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Lawsuits & Litigation

Damages You Can Recover in a Medical Malpractice Case

— November 23, 2022

Working with a legal expert, you are more likely to receive the compensation you seek.

If a patient successfully prosecutes a medical malpractice claim, they may be entitled to financial compensation for economic and non-economic losses. Families of patients who tragically passed away due to medical negligence may be eligible to seek compensation via a wrongful death lawsuit.

Medical malpractice cases are subject to damage limitations in many jurisdictions, nevertheless. These may place a cap on the whole prize or only a portion.

Economic Damages

Economic damages, commonly referred to as special damages, compensate a victim for any expenses incurred due to the malpractice. Most significantly, they pay for any medical costs associated with the therapy or treatments necessary to deal with the consequent damage. If the victim’s injuries required them to skip time at work, they are also reimbursed for lost wages.

As long as the computation is reasonable and not too speculative, a victim may be eligible for compensation for future medical costs. Documents, such as medical bills, may support economic losses, but occasionally a claim for future or more complicated damages may need an expert to testify.

An attorney can help you gather the evidence you need for a strong case. A medical malpractice lawyer Christina Pendelton can review your case and determine what type of damages you may recover.

Non-Economic Damages

Non-economic losses—usually referred to as general damages—are harder to put a cash value on. They often include any deterioration in the victim’s quality of life and suffering. This is sometimes referred to as losing appreciation of life.

A victim might be able to receive compensation for their future loss of earning capability if the negligence led to a permanent handicap. Your lawyer can help you document your condition.

Woman in pain; image by Matteo Vistocco, via
Woman in pain; image by Matteo Vistocco, via

Non-economic damages may need more than simply paperwork to be shown. A judge or jury may be better able to comprehend the effects of the malpractice on the victim’s life with the assistance of witness testimony from the victim, their family, and friends.

Punitive Damages

Punitive damages are intended to punish the criminal rather than to compensate the victim. This is only conceivable if the defendant’s carelessness or purpose is shown. When granted, this sum may be substantial and acts as a warning to other healthcare and medical professionals.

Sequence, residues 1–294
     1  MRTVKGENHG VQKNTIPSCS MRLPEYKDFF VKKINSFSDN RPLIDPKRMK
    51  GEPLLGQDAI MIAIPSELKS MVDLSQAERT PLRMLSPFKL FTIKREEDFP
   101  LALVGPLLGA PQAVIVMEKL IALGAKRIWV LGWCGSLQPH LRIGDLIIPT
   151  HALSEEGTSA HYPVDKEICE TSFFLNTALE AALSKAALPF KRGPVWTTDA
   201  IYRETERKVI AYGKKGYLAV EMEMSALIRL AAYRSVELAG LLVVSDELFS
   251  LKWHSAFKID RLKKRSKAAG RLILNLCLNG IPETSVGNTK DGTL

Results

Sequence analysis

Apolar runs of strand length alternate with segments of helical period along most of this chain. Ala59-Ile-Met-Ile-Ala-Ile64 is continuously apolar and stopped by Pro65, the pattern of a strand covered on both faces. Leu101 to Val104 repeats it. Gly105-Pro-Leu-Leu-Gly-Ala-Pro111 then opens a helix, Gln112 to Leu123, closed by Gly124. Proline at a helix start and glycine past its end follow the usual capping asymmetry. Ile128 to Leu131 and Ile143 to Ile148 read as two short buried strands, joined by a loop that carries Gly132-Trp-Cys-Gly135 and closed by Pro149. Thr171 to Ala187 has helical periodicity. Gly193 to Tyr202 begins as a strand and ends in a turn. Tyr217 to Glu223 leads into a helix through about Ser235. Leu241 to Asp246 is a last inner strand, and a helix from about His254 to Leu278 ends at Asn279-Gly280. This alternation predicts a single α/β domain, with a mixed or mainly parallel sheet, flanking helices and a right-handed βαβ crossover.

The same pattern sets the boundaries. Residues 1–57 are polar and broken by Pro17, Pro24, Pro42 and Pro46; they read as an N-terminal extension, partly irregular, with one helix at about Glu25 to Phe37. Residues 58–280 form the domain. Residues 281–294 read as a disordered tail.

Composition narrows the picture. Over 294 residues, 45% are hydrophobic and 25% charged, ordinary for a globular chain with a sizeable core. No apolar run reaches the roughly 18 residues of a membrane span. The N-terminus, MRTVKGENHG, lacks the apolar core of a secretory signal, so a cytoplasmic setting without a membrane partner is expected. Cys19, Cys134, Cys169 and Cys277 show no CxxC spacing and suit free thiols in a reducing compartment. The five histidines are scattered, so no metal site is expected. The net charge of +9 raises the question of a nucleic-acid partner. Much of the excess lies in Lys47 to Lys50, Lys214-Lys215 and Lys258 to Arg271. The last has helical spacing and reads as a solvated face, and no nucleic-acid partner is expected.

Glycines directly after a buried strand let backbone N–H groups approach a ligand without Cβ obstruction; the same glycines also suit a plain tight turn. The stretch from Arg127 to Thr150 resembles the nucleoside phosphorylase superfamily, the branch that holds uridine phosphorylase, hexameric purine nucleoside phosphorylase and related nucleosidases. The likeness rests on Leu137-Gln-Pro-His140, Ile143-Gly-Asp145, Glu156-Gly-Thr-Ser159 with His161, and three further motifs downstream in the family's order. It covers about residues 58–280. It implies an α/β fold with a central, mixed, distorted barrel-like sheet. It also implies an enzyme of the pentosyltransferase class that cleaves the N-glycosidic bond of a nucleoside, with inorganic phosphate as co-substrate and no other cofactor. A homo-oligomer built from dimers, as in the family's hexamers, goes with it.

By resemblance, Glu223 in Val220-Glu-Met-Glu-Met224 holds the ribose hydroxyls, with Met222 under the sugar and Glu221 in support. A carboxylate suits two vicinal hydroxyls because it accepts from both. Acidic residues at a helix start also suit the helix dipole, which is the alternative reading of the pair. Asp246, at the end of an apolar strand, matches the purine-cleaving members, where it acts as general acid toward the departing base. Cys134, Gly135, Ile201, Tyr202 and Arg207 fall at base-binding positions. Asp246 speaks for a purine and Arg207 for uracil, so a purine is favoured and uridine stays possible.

Damages for Wrongful Death and Survival Actions

Depending on the circumstances of the claim, claims based on a patient’s death may result in one of two damages. First, wrongful death lawsuits are intended to reimburse the victim’s heirs for their current and future financial losses based on the victim’s contributions to the family.

Wrongful Death

While some jurisdictions enable wrongful death damages based on more ephemeral sorts of loss, such as the absence of companionship or direction, many states do not. According to each state’s wrongful death legislation, only certain family members can obtain wrongful death damages.

Survival Action

The second kind of claim is called survival action. In survival cases, damages are paid to the victim’s estate (or their heirs) to cover the expenses incurred due to the malpractice before the victim’s death. They include many categories of damages that, had the victim lived, they would have demanded in a personal injury lawsuit.

Plaintiffs may be entitled to monetary damages for the victim’s prior medical expenses and any conscious suffering they could have endured.

Damage Limits

More often than in simple personal injury lawsuits, medical malpractice cases include restrictions on damages. A limit usually only applies to non-economic losses, enabling victims to claim whatever amount for economic damages they can substantiate.

An award may need to include the victim’s alternative sources of compensation, such as any insurance policy benefits, in certain jurisdictions. In circumstances of medical negligence, attorney fees could also be restricted.

Will a Medical Malpractice Lawsuit Require an Expert Witness?

To claim damages, you’ll probably need the testimony of a medical professional. Certain states demand the following for an expert witness testimony:

  • A signed declaration from a licensed medical expert stating that, in their judgment, there is proof of misconduct
  • A statement by the attorney that a medical professional has discovered reasonable grounds for malpractice
  • The first petition that initiates the litigation

It is often necessary to seek counsel or representation from a lawyer since medical malpractice legislation is heavily regulated by complicated laws that differ significantly from state to state.

Contact a Medical Malpractice Lawyer for Help

If you or a loved one were injured by the negligence or careless actions of a medical professional, you may have grounds to sue. Consult a medical malpractice attorney to see if you have sufficient evidence against the liable party. Working with a legal expert, you are more likely to receive the compensation you seek.

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